Panzer Dragoon Saga
Panzer Dragoon Saga is known by
most of the people who visit RPGamer, but a physical copy has been seen
by but a small percentage of those people, let alone actually played.
It would have been bad enough for the game to simply be released on the
Saturn, but the production of English-language copies was in keeping
with the rest of the games released outside Japan late in the system's
lifespan: abysmal. Paying less than $100 for a copy of this game today
is staggeringly unlikely, but there are plenty of incredibly rare games
that aren't worth the eBay prices they command (Custer's Revenge
and Bubble Bath Babes come to mind), except to collectors who
regard them as investments. Panzer Dragoon Saga comes close to
justifying the incredibly high price that must be paid to procure it.
It's telling that, even twelve years
after its release, Panzer Dragoon Saga remains unique among
RPGs. The combat system shares aspects with other games, most notably a
gauge that constantly charges during combat, determing what actions can
be taken at any point during a fight. The game unmistakably feels like
the other Panzer Dragoon games in its juxtaposition of the
differing attacks the dragon and its rider can perform, however, along
with the emphasis on maneuvering to avoid boss attacks rather than take
them head-on. The dragon's attributes can be tinkered with at any time
outside of battle to shift its strengths and weaknesses, enabling
players to shift combat strategy constantly.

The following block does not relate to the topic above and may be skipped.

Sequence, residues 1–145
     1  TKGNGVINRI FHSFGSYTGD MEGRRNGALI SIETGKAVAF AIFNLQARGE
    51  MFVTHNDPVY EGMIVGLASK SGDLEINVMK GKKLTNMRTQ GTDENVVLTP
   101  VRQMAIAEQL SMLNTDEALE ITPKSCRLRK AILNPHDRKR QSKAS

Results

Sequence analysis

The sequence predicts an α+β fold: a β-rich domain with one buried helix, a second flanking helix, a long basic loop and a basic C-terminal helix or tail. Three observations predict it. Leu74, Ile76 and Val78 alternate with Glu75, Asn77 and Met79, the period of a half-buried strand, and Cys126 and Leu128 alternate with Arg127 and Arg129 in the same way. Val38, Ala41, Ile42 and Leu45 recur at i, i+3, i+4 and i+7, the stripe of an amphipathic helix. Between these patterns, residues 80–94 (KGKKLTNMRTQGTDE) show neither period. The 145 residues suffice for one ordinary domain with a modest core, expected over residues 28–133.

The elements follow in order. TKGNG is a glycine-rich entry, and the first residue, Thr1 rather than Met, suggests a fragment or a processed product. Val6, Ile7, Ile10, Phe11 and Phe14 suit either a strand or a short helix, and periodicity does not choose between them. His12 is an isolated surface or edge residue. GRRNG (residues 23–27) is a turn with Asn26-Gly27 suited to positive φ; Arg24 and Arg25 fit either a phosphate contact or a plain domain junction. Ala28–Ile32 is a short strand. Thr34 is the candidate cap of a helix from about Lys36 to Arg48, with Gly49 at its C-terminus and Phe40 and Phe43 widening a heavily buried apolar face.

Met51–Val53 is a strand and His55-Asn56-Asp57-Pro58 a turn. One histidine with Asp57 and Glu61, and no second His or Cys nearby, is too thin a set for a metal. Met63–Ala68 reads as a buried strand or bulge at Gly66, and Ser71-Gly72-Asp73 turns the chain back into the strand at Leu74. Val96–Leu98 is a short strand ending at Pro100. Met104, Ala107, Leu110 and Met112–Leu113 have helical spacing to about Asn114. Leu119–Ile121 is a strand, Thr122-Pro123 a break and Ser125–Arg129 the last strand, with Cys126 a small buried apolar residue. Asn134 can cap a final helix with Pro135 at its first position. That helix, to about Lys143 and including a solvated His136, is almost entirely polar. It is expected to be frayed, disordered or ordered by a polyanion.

The world of the game is a fascinating
concoction, one that will only be familiar to veterans of other Panzer
Dragoon titles. Bizarre enemies and unusual landscapes abound, and
while the Saturn isn't quite up to the task of making the on-foot
segments completely effective on a technical level, they do the job.
The story is a fascinating one, not startlingly original in the scheme
of great plots, but nevertheless well-told, and it treads ground not
usually seen in video game RPGs. Like so much else about the game, its
music also feels otherworldly, with compositions that use
instrumentation not often heard.
The odds against an RPG sequel to the
game have dimmed a little with the announcement of Project
Draco;, which appears to show Sega willing to give the series
another shot after Panzer Dragoon Orta's sales disappointment.
Yukio Futatsugi, leader of the Team Andromeda that created the game,
joked about what he would like to do with the series before finishing:
"I'm saying this now, but if the opportunity came I'd be more serious
about it. But if my wish were to come true, I would be allowed to
create a sequel to Panzer Dragoon before I die."source.
not mention is the possibility of that sequel being an
RPG, however. Getting Sega to budget a new shooter is more than anyone
expected for years, and an RPG is only likely to happen if Project
Draco sells well, not exactly a good bet to make. It's truly a
shame, as Panzer Dragoon Saga II on a console with the power to
fully realize its otherwordly feel would be unforgettable. Thus spake Mike Moehnke
Panzer Dragoon Saga holds a
really special place for me, as that one game I could just never get, but finally did recently. I suppose it's best to start from the